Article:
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Disinformation, or Debating with a Bot

Richard Sandbrook is professor emeritus of Political Science at the University of Toronto and President of Science for Peace

Contributed article for the Working Group on Nonviolent Resistance

Image: via Wikimedia by Maqa001

“Disinformation” undoubtedly exists as a form of warfare in this contentious age of artificial intelligence. But how do we know disinformation when we come across it? The obvious danger is that officials and activists will dismiss strongly opposing views as disinformation, not to be taken seriously, or, at worse as potential sedition to be investigated.

An article in the March 30th (2023) Globe & Mail exemplifies this danger. Entitled “Pro-Kremlin Twitter Accounts ‘Weaponizing’ Users to Erode Canadians’ Support for Ukraine, Study Finds,” the article suggests that 200,000 Twitter accounts have been established in Canada that propagate the Kremlin’s line on Ukraine. The purported aim of this campaign is to undermine Canadian support for the Ukrainian government. Three centres, two at universities, conducted the study, which was supported financially by the Canadian and United States governments. Allegedly, the disinformation campaign succeeded to the extent that both “far right” and “far left” Twitter accounts extensively “shared’” the disinformation on their own networks.

What is the evidence for the impact of this alleged disinformation campaign? The article notes that 36 per cent of respondents in a recent Canadian survey believed that NATO was responsible for the war, or were unsure. Clearly, the writers of the report (entitled “Enemy of My Enemy”) believe that NATO holds no responsibility for the war. To uphold the opposite view is tantamount to disinformation or being uninformed.

And yet the idea that NATO provoked, or at least did not act to prevent, the war is not far-fetched or merely Russian propaganda. Neither side is blameless. NATO portrays itself as a strictly defensive club of democracies that share basic values and are compelled to admit other states that ascribe to them. Yet all military alliances need an enemy to justify their existence. The external threat that gave rise to the alliance – the USSR and the Warsaw Pact - disappeared in 1991, as should have NATO. NATO lost an opportunity in the 1990s, when the Soviet Union expired, to build bridges to Russia. NATO’s expansion to the borders of Russia and its willingness to arm and contemplate future membership of Ukraine in NATO were provocations. Russia considers Ukraine as within its cultural and political sphere of influence; Russian fears of NATO’s intentions are thus not unreasonable. However, Russia for its part has made aggressive moves in Georgia, Moldova and elsewhere that have rekindled the fears of former client states of the Soviet Union. The brutality of its invasion of Ukraine is unjustifiable. Neither side is without some responsibility for this dreadful and unnecessary war.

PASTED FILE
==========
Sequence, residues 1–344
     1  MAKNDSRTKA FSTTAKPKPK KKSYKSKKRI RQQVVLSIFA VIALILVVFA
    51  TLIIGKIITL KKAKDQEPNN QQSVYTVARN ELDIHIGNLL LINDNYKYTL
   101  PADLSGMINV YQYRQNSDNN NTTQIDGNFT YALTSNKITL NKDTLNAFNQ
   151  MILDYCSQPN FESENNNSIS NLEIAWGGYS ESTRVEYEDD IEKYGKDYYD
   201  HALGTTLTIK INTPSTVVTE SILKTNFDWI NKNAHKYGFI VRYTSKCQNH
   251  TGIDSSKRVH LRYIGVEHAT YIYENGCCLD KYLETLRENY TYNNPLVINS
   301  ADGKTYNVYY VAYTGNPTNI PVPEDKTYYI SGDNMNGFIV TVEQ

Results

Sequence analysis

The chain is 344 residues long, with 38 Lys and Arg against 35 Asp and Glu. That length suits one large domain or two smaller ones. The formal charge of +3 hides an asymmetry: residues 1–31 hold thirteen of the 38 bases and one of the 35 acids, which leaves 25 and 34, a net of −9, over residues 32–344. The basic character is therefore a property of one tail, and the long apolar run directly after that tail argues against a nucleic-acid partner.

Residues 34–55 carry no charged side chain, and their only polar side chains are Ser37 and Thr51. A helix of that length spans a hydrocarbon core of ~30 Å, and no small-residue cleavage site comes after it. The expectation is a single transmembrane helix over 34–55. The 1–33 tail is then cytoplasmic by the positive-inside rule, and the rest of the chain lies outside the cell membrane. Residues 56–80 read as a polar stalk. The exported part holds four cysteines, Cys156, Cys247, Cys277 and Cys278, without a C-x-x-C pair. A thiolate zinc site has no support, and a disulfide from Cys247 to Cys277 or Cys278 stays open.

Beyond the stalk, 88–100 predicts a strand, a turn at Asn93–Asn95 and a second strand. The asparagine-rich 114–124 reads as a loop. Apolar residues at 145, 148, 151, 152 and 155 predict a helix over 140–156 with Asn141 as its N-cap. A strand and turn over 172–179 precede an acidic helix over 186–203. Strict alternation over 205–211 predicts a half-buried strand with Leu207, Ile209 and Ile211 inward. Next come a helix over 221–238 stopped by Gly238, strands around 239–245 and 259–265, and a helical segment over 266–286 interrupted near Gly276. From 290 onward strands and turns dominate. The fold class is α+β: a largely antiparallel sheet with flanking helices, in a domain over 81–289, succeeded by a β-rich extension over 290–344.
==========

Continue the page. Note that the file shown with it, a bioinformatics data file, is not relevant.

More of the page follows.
Consequently, debates are raging in academic and activist circles over apportioning responsibility for the conflict. Moreover, the left (contrary to the report’s view of a homogeneity of views) is split in its interpretation of the war, leading to many acrimonious exchanges.

It might be argued that the report itself is an example of disinformation. The article that describes the report provides no criteria for distinguishing the Twitter accounts engaged in disinformation, other than that the views they propound cohere with themes of the Russian narrative. The report veers toward the Red Scare techniques of the Cold war. But let’s be clear: you can advocate the view that NATO shares part of the blame for the war without in any way being part of Russia’s disinformation campaign.

Having said this much, I must also state that disinformation does exist. I know because I have debated with a bot. On a Canada-wide network of peace activists, I have been critical of those who jump to the conclusion that the war in Ukraine is a NATO war. Bots entered the intellectual fray, but one of them was very poorly programmed. It acted like a parody of a bot: in one message, claiming to speak on behalf of the ostensibly Western-oppressed “Third World” (this archaic term itself being a tip-off); in the next as an outraged representative of the people of the Donbass, allegedly brutalized by the “Nazi” government in Kyiv. It was over the top in the most extreme version of Russian disinformation and bombast. It was a stupid bot. Bots like this give artificial intelligence a bad name.

The global situation is complex. Yes, there is disinformation undertaken by Russian agencies. But let us be careful not to equate disinformation with any ideas that conflict with the dominant Western narrative. If we allow that to happen, we will find ourselves returning to the era of US Senator Joseph McCarthy in the 1950s, with his “unAmerican activities committee” rooting out fellow travellers of the Russians.

Those in Canada who dissent on the war are not “unCanadian” and rarely are they engaging in disinformation. We may disagree with their positions. Yet that disagreement is a healthy aspect of our democracy. And yes, disinformation and bots are real; but some of the bots are laughably stupid.


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